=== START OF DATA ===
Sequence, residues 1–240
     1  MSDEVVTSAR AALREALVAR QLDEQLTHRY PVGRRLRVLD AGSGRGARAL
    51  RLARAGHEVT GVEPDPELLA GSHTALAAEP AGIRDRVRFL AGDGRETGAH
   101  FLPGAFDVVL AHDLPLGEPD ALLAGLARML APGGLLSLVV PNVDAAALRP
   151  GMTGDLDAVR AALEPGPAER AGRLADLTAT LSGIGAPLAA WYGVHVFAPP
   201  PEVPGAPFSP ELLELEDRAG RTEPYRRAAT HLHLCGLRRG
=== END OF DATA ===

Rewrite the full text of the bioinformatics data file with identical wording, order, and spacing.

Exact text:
Sequence, residues 1–240
     1  MSDEVVTSAR AALREALVAR QLDEQLTHRY PVGRRLRVLD AGSGRGARAL
    51  RLARAGHEVT GVEPDPELLA GSHTALAAEP AGIRDRVRFL AGDGRETGAH
   101  FLPGAFDVVL AHDLPLGEPD ALLAGLARML APGGLLSLVV PNVDAAALRP
   151  GMTGDLDAVR AALEPGPAER AGRLADLTAT LSGIGAPLAA WYGVHVFAPP
   201  PEVPGAPFSP ELLELEDRAG RTEPYRRAAT HLHLCGLRRG